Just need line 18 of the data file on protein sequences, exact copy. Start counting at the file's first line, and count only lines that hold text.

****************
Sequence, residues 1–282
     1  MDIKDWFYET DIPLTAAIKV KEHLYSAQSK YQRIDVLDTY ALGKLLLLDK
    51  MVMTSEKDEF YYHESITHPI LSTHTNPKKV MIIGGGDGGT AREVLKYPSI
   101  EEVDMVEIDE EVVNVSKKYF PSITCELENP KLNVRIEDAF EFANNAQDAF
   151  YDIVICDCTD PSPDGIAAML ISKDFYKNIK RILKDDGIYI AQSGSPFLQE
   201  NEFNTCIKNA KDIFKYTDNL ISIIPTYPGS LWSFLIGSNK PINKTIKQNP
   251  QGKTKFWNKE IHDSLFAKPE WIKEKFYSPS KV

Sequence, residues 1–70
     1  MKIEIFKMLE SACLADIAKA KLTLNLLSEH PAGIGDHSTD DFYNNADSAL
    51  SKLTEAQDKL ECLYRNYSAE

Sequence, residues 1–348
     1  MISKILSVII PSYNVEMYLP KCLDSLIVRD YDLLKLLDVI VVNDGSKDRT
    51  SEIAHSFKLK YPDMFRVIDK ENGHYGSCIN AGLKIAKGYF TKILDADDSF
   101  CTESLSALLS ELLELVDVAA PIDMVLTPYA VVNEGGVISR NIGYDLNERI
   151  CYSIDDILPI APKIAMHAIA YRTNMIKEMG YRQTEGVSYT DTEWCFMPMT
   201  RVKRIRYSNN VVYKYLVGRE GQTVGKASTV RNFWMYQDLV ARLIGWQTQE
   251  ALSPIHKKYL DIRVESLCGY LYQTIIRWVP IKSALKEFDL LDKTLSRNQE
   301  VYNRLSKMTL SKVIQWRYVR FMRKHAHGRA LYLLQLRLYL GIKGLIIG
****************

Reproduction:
   301  VYNRLSKMTL SKVIQWRYVR FMRKHAHGRA LYLLQLRLYL GIKGLIIG